When you hear Porsche, you inevitably think of sports cars. This is particularly true of the Porsche 918. The legend and success of Porsche are without question to a large extent based on their commitment to motorsport, which continues to this day. But if you look at the different models, you quickly notice that Porsche is no longer the pure sports car manufacturer than the one they once started, but that they now cover a much broader spectrum.
This trend certainly began with the very successful SUV, such as the Cayenne, which when it was first introduced caused an outcry among the sworn Porsche community: An off-road vehicle from Porsche; that’s not possible !?
The success of the Cayenne was certainly one of the cornerstones for the entire company’s development. In addition to the Cayenne, there is also its little brother, the Macan, and the Panamera sedan.
In March 2010, Porsche presented the Porsche 918 for the first time at the Geneva Motor Show. The vehicles, limited to 918 units, were delivered from November 2013 to 2015.
In this article I would like to look back on the Porsche 918 today and explain why it was not only ahead of its time, but also why, in my opinion, it was even pointing the way towards electrification for Porsche.
The decisive factor in my efforts to test the Porsche 918 was the fact that the 918 was repeatedly referred to for other vehicles at several Porsche events. I want to be completely honest with you guys, I found it very difficult to believe that the Porsche Cayenne Turbo S E-Hybrid could have anything in common with the Porsche 918.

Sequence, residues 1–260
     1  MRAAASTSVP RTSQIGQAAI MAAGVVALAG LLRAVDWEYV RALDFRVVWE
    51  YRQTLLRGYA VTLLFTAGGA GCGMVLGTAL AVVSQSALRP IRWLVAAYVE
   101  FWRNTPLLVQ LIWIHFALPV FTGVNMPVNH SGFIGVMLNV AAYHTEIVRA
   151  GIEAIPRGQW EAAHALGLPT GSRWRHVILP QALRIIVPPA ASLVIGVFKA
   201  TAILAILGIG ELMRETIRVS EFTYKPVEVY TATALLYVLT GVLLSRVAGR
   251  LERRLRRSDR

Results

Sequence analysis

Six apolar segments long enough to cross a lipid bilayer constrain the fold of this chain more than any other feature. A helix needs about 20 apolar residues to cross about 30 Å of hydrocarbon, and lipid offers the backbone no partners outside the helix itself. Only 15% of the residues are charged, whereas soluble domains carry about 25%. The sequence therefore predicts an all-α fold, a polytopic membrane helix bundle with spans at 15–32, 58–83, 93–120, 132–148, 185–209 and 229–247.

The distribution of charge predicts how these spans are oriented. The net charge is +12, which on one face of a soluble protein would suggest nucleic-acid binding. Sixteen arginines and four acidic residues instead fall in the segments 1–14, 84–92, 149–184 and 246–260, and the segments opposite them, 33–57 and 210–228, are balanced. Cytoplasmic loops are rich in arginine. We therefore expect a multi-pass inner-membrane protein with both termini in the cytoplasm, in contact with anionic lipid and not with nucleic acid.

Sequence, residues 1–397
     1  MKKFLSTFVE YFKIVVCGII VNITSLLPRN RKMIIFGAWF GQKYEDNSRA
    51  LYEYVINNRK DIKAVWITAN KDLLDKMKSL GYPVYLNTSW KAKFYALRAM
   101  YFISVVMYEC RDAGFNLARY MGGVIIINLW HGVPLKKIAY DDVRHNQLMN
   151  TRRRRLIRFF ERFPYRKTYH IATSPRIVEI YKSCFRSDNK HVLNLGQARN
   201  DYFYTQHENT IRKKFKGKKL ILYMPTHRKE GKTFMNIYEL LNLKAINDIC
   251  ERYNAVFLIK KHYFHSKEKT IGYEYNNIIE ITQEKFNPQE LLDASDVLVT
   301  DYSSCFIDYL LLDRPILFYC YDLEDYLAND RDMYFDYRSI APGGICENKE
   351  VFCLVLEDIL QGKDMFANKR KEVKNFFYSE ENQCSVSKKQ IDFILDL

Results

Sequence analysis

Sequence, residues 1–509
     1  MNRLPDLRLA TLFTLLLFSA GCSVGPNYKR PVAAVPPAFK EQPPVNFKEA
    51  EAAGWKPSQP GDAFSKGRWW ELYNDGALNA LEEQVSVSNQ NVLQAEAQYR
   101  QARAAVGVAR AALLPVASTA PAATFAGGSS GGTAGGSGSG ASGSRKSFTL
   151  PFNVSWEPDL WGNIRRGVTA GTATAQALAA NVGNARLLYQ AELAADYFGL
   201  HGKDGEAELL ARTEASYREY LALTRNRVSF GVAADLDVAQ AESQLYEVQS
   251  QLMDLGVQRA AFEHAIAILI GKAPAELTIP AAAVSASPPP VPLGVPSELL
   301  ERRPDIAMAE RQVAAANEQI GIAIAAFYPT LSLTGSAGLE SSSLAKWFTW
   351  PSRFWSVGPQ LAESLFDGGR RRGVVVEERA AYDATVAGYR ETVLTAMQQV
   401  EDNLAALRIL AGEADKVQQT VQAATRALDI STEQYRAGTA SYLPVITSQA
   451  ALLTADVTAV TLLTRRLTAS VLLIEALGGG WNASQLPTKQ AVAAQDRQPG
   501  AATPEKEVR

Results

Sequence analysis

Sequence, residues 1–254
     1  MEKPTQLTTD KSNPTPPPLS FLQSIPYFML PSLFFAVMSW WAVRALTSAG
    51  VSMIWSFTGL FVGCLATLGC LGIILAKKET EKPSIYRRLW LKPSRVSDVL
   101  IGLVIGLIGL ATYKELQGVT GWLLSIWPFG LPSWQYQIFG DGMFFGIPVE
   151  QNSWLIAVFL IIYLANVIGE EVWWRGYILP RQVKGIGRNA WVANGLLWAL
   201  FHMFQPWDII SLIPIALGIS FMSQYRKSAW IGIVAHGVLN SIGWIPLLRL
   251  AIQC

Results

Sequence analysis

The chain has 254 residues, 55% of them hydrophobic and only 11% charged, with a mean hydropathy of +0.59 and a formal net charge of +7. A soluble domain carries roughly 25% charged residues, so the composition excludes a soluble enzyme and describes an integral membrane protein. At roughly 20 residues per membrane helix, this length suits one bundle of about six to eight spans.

Technical data Porsche 918 Spyder
If you look at the technical data of the Porsche 918, it is difficult to believe that it is supposed to be an almost 8 year old car.
The combination of a combustion engine with two (!) Electric motors is rather rare even for today’s times.
|Engine type||4.6 L naturally aspirated V8 engine
2 synchronous motors
|Mounting position||in the middle lengthways|
|Bore × stroke||95.0 x 81.0 mm|
|Power (petrol engine)||447 kW (608 hp)
at 8500 rpm
|Liter output||97.3 kW / l|
|Power (electric motors)||front 95 kW
rear 115 kW
|Overall performance||652 kW (887 hp)|
|Max. Torque||1280 Nm (in 7th gear) at 1000 min−1|
|transmission||7-speed double clutch|
|Length × width × height||4645 × 1940 × 1167|
|Mileage (factory information)|
|Top speed||345 km / h|
(0-100 km / h)
(0-200 km / h)
(0-300 km / h)
|Driving performance (test results)|
|Top speed||351.5 km / h|
(0-100 km / h)
(0-200 km / h)
(0-300 km / h)
I know that the consumption figures for hybrid vehicles are often discussed controversially today. The Porsche 918 is no exception here, because the consumption (NEDC) specified by Porsche is 3.1 liters. At this point I can already reveal that I used significantly more in my test.